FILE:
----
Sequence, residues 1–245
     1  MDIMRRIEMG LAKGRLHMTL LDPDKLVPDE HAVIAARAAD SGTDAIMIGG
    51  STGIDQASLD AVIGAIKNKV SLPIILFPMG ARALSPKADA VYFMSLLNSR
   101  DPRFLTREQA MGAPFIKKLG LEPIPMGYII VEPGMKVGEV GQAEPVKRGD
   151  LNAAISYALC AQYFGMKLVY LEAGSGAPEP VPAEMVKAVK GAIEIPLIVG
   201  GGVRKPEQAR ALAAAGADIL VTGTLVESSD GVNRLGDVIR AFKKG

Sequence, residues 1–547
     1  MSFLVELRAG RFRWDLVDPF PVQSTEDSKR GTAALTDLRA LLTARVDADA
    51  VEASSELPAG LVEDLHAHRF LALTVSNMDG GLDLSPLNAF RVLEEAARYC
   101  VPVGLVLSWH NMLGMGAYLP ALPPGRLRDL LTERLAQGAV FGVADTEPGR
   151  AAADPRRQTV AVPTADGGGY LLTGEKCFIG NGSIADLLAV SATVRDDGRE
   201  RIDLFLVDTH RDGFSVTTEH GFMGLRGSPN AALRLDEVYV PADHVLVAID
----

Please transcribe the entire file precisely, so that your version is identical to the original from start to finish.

Sequence, residues 1–245
     1  MDIMRRIEMG LAKGRLHMTL LDPDKLVPDE HAVIAARAAD SGTDAIMIGG
    51  STGIDQASLD AVIGAIKNKV SLPIILFPMG ARALSPKADA VYFMSLLNSR
   101  DPRFLTREQA MGAPFIKKLG LEPIPMGYII VEPGMKVGEV GQAEPVKRGD
   151  LNAAISYALC AQYFGMKLVY LEAGSGAPEP VPAEMVKAVK GAIEIPLIVG
   201  GGVRKPEQAR ALAAAGADIL VTGTLVESSD GVNRLGDVIR AFKKG

Sequence, residues 1–547
     1  MSFLVELRAG RFRWDLVDPF PVQSTEDSKR GTAALTDLRA LLTARVDADA
    51  VEASSELPAG LVEDLHAHRF LALTVSNMDG GLDLSPLNAF RVLEEAARYC
   101  VPVGLVLSWH NMLGMGAYLP ALPPGRLRDL LTERLAQGAV FGVADTEPGR
   151  AAADPRRQTV AVPTADGGGY LLTGEKCFIG NGSIADLLAV SATVRDDGRE
   201  RIDLFLVDTH RDGFSVTTEH GFMGLRGSPN AALRLDEVYV PADHVLVAID